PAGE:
Roy Lehmann was among the Special Olympics athletes from Wisconsin to receive free dental care at a local Mission of Mercy event. Photo courtesy of the Wisconsin Dental Association.

Thirty-five year old, Roy Lehmann knew he had a serious dental problem. His gums were sore, but he couldn’t afford treatment so he pushed his pain aside. All that changed last month when one organization with a mission changed his smile forever.

Hundreds of dentists, hygienists, and medical professionals travelled across the state to help thousands of individuals like Roy at the Wisconsin Dental Association Foundation and WDA Mission of Mercy event on Friday, June 24th and Saturday, June 25th in Weston near Wausau. Children and adults waited in line and logged more than 2,000 patient visits for free cleanings, fillings, extractions, partial dentures and even root canals.

“There were a lot of people who needed dental work. In Roy’s case, he has no money, no job, and no insurance,” said SOWI Agency Manager, Carol Krause, who brought Lehmann to the event.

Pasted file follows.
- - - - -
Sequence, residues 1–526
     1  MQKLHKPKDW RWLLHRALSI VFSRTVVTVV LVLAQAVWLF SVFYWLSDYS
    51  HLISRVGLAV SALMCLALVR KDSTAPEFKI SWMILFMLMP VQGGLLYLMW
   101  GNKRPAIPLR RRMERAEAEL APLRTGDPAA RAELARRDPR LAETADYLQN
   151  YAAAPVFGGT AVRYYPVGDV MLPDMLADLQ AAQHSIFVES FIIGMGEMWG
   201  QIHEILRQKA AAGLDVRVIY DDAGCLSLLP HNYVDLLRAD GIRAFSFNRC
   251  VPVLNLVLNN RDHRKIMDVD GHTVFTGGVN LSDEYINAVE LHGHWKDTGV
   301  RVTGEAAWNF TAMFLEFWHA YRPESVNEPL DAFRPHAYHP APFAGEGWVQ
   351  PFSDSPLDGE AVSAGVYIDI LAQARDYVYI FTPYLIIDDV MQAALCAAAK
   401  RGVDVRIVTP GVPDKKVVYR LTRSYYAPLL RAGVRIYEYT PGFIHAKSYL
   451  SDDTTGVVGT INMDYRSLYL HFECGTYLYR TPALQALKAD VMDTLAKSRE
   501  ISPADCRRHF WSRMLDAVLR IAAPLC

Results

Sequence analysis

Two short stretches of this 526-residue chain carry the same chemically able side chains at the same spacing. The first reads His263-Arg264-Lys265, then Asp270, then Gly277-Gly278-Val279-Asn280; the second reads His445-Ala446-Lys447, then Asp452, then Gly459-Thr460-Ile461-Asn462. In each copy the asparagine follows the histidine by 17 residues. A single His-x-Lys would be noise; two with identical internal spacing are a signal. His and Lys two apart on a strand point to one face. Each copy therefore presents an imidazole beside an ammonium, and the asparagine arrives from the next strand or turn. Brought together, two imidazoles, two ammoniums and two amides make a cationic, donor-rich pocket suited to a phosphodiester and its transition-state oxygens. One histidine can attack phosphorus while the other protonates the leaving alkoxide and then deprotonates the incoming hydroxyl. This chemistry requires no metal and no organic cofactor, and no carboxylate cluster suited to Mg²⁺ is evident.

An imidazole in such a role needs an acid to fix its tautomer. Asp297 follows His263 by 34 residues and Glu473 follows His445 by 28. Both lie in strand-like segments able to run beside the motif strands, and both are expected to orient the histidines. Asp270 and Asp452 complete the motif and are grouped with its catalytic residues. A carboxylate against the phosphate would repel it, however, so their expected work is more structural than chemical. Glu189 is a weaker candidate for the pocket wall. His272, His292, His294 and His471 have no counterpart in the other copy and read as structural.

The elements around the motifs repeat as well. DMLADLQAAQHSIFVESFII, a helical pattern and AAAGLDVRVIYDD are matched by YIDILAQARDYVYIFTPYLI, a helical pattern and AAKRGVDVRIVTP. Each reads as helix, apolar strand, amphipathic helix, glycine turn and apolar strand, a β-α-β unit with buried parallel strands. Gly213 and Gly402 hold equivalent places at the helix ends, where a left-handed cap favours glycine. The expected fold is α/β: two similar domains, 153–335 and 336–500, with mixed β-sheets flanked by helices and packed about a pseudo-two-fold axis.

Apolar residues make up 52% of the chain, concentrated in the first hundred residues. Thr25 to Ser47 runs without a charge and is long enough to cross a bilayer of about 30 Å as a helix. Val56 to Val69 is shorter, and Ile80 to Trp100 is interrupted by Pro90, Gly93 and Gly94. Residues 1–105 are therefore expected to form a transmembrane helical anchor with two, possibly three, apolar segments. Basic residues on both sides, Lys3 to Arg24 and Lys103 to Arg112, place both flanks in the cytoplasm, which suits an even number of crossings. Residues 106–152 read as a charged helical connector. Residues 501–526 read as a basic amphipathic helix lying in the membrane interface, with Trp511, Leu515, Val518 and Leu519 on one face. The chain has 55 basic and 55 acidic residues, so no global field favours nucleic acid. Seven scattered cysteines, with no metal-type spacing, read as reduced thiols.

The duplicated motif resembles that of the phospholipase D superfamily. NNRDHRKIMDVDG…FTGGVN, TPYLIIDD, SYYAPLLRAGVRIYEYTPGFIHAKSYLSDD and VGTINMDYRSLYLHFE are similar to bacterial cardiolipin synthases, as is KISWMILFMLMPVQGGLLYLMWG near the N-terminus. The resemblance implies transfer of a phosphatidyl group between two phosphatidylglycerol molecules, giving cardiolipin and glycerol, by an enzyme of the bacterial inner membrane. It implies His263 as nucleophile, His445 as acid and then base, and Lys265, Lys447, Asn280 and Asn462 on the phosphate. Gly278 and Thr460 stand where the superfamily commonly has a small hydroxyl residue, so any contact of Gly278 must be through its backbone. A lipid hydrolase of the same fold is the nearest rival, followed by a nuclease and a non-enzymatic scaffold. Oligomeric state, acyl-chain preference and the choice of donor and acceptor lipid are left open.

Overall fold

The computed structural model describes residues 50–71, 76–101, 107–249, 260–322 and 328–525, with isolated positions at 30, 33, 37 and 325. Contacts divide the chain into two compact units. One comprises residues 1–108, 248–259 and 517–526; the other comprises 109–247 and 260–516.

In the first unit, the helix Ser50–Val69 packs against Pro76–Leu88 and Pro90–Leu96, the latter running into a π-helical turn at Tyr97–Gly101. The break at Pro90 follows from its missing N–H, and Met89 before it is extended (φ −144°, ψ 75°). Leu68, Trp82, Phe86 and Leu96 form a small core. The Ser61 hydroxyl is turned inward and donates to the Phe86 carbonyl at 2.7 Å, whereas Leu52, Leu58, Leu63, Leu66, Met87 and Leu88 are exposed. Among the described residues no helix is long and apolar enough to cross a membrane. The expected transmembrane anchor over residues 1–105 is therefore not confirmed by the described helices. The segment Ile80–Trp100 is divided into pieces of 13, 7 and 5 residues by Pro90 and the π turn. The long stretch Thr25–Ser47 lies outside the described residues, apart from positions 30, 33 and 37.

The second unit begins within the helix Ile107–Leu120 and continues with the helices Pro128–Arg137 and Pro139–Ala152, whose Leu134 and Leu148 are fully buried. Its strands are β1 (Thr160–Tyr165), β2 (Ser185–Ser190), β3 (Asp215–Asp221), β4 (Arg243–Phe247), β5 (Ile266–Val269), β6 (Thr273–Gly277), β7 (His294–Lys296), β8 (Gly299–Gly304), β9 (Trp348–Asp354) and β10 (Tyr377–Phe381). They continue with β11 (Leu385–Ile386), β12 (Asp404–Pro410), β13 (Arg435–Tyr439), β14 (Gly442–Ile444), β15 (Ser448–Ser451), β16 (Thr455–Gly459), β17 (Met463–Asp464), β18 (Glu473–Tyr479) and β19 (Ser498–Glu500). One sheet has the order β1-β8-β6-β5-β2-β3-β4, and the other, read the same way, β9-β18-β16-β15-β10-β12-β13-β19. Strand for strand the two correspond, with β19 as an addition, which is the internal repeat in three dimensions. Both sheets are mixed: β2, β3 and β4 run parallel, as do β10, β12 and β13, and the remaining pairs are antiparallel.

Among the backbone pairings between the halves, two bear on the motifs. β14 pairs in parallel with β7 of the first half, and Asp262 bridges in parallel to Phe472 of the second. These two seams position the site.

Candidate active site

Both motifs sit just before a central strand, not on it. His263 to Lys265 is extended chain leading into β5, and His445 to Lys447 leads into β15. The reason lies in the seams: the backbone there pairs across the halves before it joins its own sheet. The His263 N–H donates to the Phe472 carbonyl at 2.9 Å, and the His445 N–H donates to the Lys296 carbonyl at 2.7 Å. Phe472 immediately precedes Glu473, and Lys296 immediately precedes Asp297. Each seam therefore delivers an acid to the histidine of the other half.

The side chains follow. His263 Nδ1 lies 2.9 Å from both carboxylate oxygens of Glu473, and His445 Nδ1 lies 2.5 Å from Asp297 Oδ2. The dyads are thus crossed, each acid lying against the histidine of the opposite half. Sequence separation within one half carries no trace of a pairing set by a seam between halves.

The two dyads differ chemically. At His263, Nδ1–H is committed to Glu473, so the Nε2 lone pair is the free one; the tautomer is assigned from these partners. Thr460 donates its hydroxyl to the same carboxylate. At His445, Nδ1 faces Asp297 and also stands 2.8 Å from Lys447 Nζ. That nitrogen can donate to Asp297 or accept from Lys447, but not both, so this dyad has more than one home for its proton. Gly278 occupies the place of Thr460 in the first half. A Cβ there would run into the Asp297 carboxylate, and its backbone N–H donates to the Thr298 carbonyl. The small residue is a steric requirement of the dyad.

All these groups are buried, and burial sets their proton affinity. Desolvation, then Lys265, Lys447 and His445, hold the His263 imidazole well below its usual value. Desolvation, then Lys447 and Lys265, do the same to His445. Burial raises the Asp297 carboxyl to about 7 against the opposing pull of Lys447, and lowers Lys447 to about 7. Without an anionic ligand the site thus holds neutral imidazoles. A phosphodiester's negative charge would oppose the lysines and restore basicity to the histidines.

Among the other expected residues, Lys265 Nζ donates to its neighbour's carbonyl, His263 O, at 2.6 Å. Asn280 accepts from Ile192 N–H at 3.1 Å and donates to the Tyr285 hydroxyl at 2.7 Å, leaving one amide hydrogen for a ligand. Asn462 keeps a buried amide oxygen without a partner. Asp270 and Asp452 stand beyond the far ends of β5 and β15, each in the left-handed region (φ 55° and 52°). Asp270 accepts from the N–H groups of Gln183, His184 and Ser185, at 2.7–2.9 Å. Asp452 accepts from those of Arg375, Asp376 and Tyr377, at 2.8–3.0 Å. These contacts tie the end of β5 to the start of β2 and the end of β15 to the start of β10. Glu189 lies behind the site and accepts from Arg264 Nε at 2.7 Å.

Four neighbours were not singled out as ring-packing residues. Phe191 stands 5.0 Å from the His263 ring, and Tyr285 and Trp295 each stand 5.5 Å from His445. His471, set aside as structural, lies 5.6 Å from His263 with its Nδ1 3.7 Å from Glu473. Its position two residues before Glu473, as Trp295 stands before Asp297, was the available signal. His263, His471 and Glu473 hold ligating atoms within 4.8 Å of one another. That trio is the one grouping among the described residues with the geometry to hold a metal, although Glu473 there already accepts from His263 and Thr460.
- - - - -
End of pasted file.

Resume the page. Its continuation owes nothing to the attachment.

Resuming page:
“Without insurance, some dentists will not see you and it’s really hard trying to pay the bill if you don’t have any income for it,” agreed Lehmann.

Lehmann was one of 22 Special Olympics Wisconsin athletes who received free care due to urgent dental need. According to Lehman, after sitting for five hours in Dr. David Kenyon’s dental chair and having a half dozen teeth removed, he felt like a new man.

“It’s been a year since I’ve seen the dentist,” exclaimed Lehmann.

“Now that he has new front teeth, it makes a huge difference in his smile,” said Dr. Kenyon. “He was probably hiding those teeth and now he can feel a lot better about himself.”

The procedures weren’t just performed for aesthetic reasons, but for long-term preventative health as well.  According to medical professionals, poor oral health can translate into more serious issues down the road.

“If you have chronic infections of the teeth it can cause systemic problems,” said Dr. Kenyon. “The chief problems that are closely tied to poor oral health are cardiovascular diseases and diabetes.”

It took more than 1,000 volunteer dentists, dental hygienists, and assistants, Marquette University School of Dentistry students and community representatives to make the event a success. At the end of the weekend, the mission proved to be just as rewarding for the dentists as it was for their patients.

“That’s what this is all about,” added Dr. Kenyon. “Being able to help people who are in need and get them to the point where they can get out in society and feel good about themselves.”

“It’s a wonderful mission,” agreed Krause.

For more information about how you can participate in the 2012 Mission of Mercy event, visit www.wda.org.

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